Set out in section 34 of the Environmental Protection Act 1990, the duty of care requires waste holders to ensure waste is only transferred to those authorised to receive it. Parties transferring waste must complete and retain a transfer note which includes a description of the waste.
Revision of statutory guidance on the regime is long overdue. With fly-tipping estimated to cost £100 million annually, DEFRA admits the current regime "can represent an opportunity for those involved in waste crime, rather than a deterrent".
Responses are requested by 6 March. A further consultation will follow including a single set of draft amending regulations covering changes needed to improve controls on waste carriers, brokers and the duty of care.
It also asks whether fines should be increased and if alternative penalties, such as fixed penalty notices or reputational sanctions, could be used. For example, councils could be given powers to issue £100 penalties to householders for duty of care offences.
New offences could be added, such as knowingly transferring waste that has been illegally imported or is to be illegally exported.
A key issue is whether the duty of care should continue to be self-regulating or whether the Environment Agency and local authorities should inspect a certain number of businesses each year. This would require funding from grant-in-aid or a new charging scheme.
Waste transfer notes could also be used to enable waste producers to record information required under the landfill regulations, such as waste characterisation and evidence of pretreatment. DEFRA says in practice the onus for ensuring waste has been characterised has fallen on landfill operators because waste is usually not inspected until it arrives at a landfill.
As a result, "it appears a lot of waste is not being properly characterised, as landfill operators may not always be able to judge the environmental suitability of the wastes that are arriving".
Draft regulations that would have required waste producers to provide more detailed information when transferring waste were issued in December 2004 (ENDS Report 360, p 37 ), but the proposals were not adopted because they would have placed the burden on waste producers irrespective of whether waste was destined for landfill.
The new paper reintroduces the idea, but makes clear that characterisation and evidence of pre-treatment would be required on transfer notes only where the waste is destined for landfill. Responsibility could lie with the person making the decision to consign a particular load to landfill.
This "should easily satisfy the basic characterisation requirements in cases where waste is simply removed from a producer’s premises and taken directly to a landfill". But it may not work as well in cases where waste is subject to subsequent handling or treatment, or is combined with other wastes.
Transfer notes could also be used to enforce the requirement on businesses to ensure electrical and electronic equipment is sent to an authorised treatment facility. Regulations implementing this and other requirements of the EU waste electrical and electronic equipment Directive were laid before Parliament in December (see pp 42 ).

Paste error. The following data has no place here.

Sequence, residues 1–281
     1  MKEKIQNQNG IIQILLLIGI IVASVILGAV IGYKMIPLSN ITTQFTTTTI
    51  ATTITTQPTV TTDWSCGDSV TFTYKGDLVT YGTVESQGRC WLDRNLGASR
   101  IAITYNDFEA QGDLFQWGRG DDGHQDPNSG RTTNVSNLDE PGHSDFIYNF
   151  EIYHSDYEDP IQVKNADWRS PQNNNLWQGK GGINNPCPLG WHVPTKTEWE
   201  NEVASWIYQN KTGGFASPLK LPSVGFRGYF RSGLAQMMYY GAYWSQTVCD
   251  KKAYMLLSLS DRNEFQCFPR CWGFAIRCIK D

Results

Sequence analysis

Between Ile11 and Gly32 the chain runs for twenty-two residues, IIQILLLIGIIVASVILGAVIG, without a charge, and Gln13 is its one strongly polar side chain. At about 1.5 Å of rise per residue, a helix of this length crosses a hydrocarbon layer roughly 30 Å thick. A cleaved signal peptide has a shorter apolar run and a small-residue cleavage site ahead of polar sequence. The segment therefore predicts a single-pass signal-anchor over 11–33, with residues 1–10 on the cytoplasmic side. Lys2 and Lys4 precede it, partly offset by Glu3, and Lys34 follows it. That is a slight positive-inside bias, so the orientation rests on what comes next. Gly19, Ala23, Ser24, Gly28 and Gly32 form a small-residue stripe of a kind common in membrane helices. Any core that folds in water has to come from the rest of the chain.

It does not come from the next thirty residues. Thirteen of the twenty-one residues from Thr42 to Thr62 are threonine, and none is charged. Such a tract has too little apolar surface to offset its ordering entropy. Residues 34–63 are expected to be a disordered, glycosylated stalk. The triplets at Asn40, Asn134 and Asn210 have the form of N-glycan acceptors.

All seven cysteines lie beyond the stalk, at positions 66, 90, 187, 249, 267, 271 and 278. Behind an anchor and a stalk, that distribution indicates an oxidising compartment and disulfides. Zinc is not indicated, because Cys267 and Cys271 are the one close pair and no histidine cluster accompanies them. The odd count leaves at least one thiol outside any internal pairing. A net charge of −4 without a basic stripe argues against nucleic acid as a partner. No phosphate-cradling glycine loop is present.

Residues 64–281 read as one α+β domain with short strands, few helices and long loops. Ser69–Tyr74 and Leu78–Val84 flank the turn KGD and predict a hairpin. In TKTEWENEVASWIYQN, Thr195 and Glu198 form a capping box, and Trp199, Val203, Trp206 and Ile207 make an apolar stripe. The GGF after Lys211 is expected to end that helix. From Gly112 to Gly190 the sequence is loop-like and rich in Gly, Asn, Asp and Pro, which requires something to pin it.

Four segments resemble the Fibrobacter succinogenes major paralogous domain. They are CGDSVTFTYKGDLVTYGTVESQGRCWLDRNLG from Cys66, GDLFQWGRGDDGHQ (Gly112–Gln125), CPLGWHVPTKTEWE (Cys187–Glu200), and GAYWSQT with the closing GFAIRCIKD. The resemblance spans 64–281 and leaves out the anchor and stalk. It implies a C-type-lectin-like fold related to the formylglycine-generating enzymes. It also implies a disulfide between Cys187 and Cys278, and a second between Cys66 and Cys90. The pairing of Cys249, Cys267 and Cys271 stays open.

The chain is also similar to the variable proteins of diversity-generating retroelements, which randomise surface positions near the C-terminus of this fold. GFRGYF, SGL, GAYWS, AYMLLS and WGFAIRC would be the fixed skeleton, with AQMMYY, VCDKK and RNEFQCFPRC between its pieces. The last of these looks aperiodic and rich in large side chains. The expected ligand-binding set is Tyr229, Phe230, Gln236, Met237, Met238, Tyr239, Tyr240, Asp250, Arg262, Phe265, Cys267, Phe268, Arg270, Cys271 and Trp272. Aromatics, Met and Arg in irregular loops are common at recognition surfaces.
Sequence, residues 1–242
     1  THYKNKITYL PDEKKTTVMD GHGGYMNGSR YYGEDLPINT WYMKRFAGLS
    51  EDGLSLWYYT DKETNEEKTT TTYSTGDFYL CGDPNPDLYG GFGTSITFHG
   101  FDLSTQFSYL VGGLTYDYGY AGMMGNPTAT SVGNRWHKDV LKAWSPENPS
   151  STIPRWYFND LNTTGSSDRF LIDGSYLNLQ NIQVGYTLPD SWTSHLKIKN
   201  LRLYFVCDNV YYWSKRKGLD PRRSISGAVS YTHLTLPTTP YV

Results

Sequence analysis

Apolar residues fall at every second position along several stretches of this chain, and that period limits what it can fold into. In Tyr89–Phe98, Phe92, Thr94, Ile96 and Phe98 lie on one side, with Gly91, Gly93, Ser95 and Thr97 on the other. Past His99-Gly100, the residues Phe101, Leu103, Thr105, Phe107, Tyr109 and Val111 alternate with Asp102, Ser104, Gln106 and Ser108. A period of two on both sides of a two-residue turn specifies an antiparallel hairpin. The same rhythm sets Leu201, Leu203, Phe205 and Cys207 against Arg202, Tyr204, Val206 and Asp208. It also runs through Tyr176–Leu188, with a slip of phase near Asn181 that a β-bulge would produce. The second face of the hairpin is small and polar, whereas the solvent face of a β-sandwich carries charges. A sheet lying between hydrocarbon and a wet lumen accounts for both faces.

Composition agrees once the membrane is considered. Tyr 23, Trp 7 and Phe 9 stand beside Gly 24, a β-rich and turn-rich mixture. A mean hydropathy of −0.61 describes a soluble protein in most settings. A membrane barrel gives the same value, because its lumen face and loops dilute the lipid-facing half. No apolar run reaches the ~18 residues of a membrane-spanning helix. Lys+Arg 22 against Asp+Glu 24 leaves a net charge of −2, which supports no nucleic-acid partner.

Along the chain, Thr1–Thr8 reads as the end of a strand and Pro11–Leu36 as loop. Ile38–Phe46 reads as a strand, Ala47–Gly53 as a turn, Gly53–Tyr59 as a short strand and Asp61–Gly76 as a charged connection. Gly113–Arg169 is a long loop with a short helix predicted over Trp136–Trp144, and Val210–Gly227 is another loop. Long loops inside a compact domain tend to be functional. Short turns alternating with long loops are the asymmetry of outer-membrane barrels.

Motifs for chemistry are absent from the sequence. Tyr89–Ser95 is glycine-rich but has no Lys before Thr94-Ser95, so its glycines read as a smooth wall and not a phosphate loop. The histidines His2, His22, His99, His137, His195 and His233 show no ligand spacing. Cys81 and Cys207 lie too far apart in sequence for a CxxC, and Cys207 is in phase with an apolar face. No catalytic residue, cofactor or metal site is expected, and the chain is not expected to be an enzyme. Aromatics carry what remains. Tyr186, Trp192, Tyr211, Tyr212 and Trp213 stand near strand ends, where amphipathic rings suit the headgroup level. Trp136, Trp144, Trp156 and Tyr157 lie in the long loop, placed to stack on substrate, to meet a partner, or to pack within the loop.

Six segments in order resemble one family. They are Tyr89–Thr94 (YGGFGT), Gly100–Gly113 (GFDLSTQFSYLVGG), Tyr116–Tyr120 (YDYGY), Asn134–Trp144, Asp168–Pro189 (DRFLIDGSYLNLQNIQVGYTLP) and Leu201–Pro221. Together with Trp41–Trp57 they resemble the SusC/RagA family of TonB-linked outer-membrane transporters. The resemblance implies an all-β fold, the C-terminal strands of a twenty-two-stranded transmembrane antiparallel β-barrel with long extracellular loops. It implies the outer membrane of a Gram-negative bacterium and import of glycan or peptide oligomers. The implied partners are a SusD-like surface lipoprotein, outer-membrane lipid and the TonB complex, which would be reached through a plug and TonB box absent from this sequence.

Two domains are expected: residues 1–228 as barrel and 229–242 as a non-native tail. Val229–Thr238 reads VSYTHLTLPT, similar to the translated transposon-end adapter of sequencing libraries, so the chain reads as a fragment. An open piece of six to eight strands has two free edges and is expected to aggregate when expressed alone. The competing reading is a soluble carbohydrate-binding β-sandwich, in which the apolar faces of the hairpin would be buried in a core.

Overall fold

The paper also suggests local authorities and the Agency be given power to request the production of transfer notes within 24 hours.
The current ‘one size fits all’ system could be replaced with a tiered approach where higher-risk carriers could be charged more for registration, be required to meet certain technical standards and be subject to more frequent or rigorous inspections.
Registrations could be merged with the waste facilities permitting regime. Operators holding a waste management licence or PPC permit - or a permit under the forthcoming environmental permitting regime - could be exempt from registering. Carrier registration could be added to the permit application to avoid the need for two separate application processes and charges.
Carriers handling tyres could be made subject to "enhanced reporting requirements". These proposals have sat on the shelf since 2004 while other parts of the duty of care consultation were finalised - a delay which led the tyre industry to warn that the government could not know if the ban on landfilling whole tyres from July 2003 and that on shredded tyres three years later were being upheld.
Any new reporting requirements are unlikely to come into force until 2008 - more than 18 months after all tyres became subject to the landfill ban.
The Agency could be required to carry out inspections at a sample of waste carrier premises in addition to the stop-and-search operations it already carries out. The costs would be recovered through charges.
DEFRA is also seeking views on whether other, more flexible penalties could be used in addition to revoking registrations. The Agency can revoke a registration if the registrant has been convicted of a prescribed offence or if the Agency thinks it is "undesirable" for the carrier to remain authorised. But only a handful of the 80,000 or so registered carriers have had their registrations revoked (ENDS Report 335, p 19 ), partly because the Agency must take into account an individual’s human rights, including the right to make a living.
New offences are proposed in relation to carriers and brokers, such as forging registration documents, failing to declare convictions and using registration inappropriately or fraudulently.
The paper suggests registration and regulatory controls for brokers and carriers should be separated and tailored to each activity. Tighter controls on brokers could be introduced, such as annual registrations or the need to keep documentation.